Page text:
cd resources/utilities/ich9deblob/
./ich9gen --macaddress "00:DE:AD:BE:EF:00" # SET A UNIQUE MAC ADDRESS HERE!!
dd if=ich9fdgbe_8m.bin of=x200.rom bs=1 count=12K conv=notrunc
mv x200.rom ../../../
cd ../../../

#FINALLY add or change the files in the image for customization
#./cbfstool x200.rom extract -n grub.cfg -f grubtest.cfg
#./crossgcc/util/cbfstool/cbfstool x200_other_mac.rom remove -n grubtest.cfg
#./crossgcc/util/cbfstool/cbfstool x200_other_mac.rom add -n grubtest.cfg -f grubtest.cfg -t raw

## LASTLY FLASH TO CHIP (here internally)
#sudo ./flashrom/flashrom -p internal -w x200.rom

Specific flash guides

BEFORE flashing laptops make sure EC version is up to date (yes it’s proprietary). (Link for fun: https://notabug.org/libreboot/libreboot/issues/731.. Sorry for broken link!)

T400 without blobs (Coreboot)

Here’s our config for coreboot, copy it here to this path coreboot/.config. ( Below in the text we refer to it as ~/coreboot_config_t400_8mb )

#!/bin/bash -e
#Building Coreboot without blobs for T400
#Assumed 8MB rom (can use ./flashrom -p internal to see this on the proprietary T400)
#If not 8MB just change size in menuconfig and take other .bin from ich9gen, no problem

# See also https://www.coreboot.org/Build_HOWTO#debian
apt update && apt upgrade -y
apt-get install git build-essential gnat flex bison libncurses5-dev wget zlib1g-dev -y

git clone https://review.coreboot.org/coreboot
cd coreboot
git submodule update --init --checkout

#You can copy our config and use it if you wish
#cp coreboot_config_t400_8mb coreboot/.config

# In this menu config set wanted settings (see our config, or the guide for T400 by zerocat http://www.zerocat.org/projects/coreboot-machines/doc/generated-documentation/html/md_doc_build-coreboot-t400.html)
# Our final conf is in ~/coreboot_config_t400_8mb
# NOTE: we add descriptor for gbit ethernet later (NO need for "add Intel descriptor.bin file")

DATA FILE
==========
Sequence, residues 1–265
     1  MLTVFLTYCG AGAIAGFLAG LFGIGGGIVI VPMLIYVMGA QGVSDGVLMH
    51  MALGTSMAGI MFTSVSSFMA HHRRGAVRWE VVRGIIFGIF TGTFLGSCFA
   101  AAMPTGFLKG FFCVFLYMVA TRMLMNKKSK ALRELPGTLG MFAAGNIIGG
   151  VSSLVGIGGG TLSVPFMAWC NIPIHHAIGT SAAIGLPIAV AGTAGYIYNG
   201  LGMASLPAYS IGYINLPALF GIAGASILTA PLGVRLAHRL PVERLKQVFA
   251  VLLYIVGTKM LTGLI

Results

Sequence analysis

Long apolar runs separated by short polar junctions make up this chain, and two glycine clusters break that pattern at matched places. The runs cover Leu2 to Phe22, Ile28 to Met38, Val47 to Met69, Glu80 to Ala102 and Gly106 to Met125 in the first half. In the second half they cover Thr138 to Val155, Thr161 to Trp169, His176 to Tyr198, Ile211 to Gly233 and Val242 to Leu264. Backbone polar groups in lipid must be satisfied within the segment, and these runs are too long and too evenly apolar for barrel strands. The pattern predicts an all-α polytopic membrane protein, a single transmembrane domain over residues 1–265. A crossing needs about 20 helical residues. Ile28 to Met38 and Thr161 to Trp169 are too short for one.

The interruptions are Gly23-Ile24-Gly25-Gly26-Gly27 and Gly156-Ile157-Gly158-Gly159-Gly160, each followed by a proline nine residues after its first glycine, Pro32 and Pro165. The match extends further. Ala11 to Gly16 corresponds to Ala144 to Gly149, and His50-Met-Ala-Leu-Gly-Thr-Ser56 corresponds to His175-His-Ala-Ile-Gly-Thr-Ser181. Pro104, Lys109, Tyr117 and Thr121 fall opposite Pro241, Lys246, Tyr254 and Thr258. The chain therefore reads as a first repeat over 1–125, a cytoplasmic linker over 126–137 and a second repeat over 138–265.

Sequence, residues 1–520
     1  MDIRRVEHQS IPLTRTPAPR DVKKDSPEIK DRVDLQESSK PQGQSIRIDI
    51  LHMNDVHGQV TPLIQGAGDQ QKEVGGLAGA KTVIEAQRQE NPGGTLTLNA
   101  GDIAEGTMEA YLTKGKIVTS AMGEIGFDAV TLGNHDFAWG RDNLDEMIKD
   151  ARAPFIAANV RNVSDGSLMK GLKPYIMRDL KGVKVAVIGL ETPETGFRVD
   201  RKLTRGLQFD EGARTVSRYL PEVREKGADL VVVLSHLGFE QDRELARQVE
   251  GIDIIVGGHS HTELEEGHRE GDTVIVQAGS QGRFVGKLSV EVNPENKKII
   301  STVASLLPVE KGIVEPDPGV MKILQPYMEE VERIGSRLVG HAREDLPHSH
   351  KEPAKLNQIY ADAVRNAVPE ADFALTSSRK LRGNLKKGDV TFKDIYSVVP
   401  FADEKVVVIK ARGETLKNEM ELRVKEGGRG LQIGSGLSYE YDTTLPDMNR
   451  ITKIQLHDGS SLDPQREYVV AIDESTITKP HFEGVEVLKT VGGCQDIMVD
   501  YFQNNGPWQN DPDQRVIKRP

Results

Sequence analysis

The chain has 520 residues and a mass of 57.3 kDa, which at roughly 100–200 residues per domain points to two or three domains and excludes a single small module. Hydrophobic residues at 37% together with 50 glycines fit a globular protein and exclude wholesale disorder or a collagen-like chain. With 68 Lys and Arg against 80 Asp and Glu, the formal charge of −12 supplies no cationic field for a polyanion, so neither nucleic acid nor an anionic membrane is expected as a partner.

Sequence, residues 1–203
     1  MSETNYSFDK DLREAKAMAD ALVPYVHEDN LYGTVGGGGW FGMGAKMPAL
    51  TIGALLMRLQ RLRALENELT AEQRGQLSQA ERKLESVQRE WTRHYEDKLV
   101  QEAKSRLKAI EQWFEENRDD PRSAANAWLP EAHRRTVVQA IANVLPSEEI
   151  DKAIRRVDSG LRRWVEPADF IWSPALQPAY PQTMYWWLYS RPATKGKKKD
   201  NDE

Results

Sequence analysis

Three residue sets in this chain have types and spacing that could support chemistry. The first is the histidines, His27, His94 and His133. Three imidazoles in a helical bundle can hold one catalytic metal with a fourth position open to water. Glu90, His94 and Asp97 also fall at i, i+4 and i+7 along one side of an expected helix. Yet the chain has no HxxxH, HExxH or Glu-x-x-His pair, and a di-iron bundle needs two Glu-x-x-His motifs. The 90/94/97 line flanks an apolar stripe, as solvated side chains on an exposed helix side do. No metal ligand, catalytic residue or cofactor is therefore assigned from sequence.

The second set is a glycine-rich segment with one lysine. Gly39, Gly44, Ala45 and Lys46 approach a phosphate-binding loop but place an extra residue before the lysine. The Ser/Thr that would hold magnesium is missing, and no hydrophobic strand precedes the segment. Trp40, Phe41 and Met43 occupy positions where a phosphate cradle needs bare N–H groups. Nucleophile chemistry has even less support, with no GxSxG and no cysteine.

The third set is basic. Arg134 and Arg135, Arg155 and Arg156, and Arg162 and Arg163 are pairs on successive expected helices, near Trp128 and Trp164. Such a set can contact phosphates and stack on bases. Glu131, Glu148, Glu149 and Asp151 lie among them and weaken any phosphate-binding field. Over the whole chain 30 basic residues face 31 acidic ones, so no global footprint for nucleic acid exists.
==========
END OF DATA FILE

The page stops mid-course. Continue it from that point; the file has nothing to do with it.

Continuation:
make menuconfig #or make nconfig

# BUILD toolchain
make crossgcc-x64 CPUS=2
#or make crossgcc CPUS=2 #for all architectures

# BUILD rom
cp build/coreboot.rom ~/t400_8mb_coreboot_notReady.rom

# We add the gbit ethernet descriptor with the tool provided by libreboot
git clone https://notabug.org/libreboot/libreboot
cd libreboot
./oldbuild module ich9deblob
cd resources/utilities/ich9deblob/

#NOTE: SET YOUROWN MAC HERE! Should be unique, just take the one which is under the T400
./ich9gen --mac-address 00:24:7E:AA:AA:AA

cp ~/t400_8mb_coreboot_notReady.rom ~/t400_8mb_coreboot_flashable.rom
dd if=ich9fdgbe_8m.bin of=t400_8mb_coreboot_flashable.rom bs=12k count=1 conv=notrunc


# See libreboot for external flash, just disassemble laptops (can take a few hours) -> https://libreboot.org/docs/install/t400_external.html
# Flash with for example BBB: https://libreboot.org/docs/install/bbb_setup.html
# (Probably you want to power the BBB with 5V mini-usb or power adapter and connect everything to it. However, when we flashed we connected BBB (connector called SYS_5V) to 5V on regular ATX PSU, and the chip gets 3.3V directly from the PSU, and ground from BBB)

./flashrom -p linux_spi:dev=/dev/spidev1.0,spispeed=512 -r factory1.rom
./flashrom -p linux_spi:dev=/dev/spidev1.0,spispeed=1024 -r factory2.rom
./flashrom -p linux_spi:dev=/dev/spidev1.0,spispeed=1024 -r factory3.rom
./flashrom -p linux_spi:dev=/dev/spidev1.0,spispeed=256 -r factory4.rom
./flashrom -p linux_spi:dev=/dev/spidev1.0,spispeed=2048 -r factory5.rom
sha256sum factory*.rom #a majority should match, or at least 2 should have the same hash 

./flashrom -p linux_spi:dev=/dev/spidev1.0,spispeed=512 -w ~/t400_8mb_coreboot_flashable.rom
#Should say "Verified". If you're paranoid you could read it again and check hash.

X230 (Coreboot)

Make sure bios has latest EC version. We had EC 1.14 (G2HT35WW), this should be the latest (citation needed).


Due to security weakness in older versions of the proprietary BIOS, it is now possible to flash internally. This is the recommended procedure for X230.

See: https://doc.coreboot.org/mainboard/lenovo/ivb_internal_flashing.html?highlight=x230


As we flashed externally, we were not careful enough, and accidentally lost a resistor. This is certainly a risk when flashing by this method, the same issue as described here https://www.reddit.com/r/coreboot/comments/dhwdss/did_i_just_brick_my_x230/fmytpm0/?utm_source=reddit&utm_medium=web2x&context=3 (supposedly a R1378, SMD 33.2Ω resistor). With open circuit here computer cannot boot, however by adding it back or by shorting it it will be able to boot (after booting, the computer can run with an open circuit here … seemingly).


After asking on IRC the recommendation was to, on the signal lines, add a resistor e.g. 47 Ohm… presumably for both data lines and clock?


https://doc.coreboot.org/mainboard/lenovo/Ivy_Bridge_series.html (OLD: http://www.coreboot.org/Board:lenovo/x230#Flashing) (additionally: https://www.chucknemeth.com/laptop/lenovo-x230/flash-lenovo-x230-coreboot and https://github.com/0xbb/coreboot-x230)

Recommendation: instead of supplying 3.3V externally, connect power and ethernet to computer to get WakeOnLan (might need to enable in BIOS). Thereby the chip will get powered with reduced risk.

Warning: Be careful not to break off the resistors close to the chips as these are very brittle! (as mentioned before)